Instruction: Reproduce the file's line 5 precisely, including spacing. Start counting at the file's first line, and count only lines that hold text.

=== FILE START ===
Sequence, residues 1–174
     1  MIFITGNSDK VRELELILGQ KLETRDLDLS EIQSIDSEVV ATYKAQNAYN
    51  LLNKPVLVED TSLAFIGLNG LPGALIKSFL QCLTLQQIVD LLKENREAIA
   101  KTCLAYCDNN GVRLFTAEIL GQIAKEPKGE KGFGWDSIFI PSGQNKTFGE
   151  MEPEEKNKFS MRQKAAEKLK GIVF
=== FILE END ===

   151  MEPEEKNKFS MRQKAAEKLK GIVF